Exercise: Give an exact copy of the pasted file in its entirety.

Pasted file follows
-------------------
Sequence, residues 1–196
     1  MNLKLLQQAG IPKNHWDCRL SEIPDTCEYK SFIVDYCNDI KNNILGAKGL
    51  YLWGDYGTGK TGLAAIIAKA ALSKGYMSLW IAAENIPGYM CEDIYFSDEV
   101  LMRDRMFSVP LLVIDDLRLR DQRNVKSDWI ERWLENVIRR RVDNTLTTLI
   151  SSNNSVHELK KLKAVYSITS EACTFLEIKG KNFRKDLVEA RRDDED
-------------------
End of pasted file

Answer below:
Sequence, residues 1–196
     1  MNLKLLQQAG IPKNHWDCRL SEIPDTCEYK SFIVDYCNDI KNNILGAKGL
    51  YLWGDYGTGK TGLAAIIAKA ALSKGYMSLW IAAENIPGYM CEDIYFSDEV
   101  LMRDRMFSVP LLVIDDLRLR DQRNVKSDWI ERWLENVIRR RVDNTLTTLI
   151  SSNNSVHELK KLKAVYSITS EACTFLEIKG KNFRKDLVEA RRDDED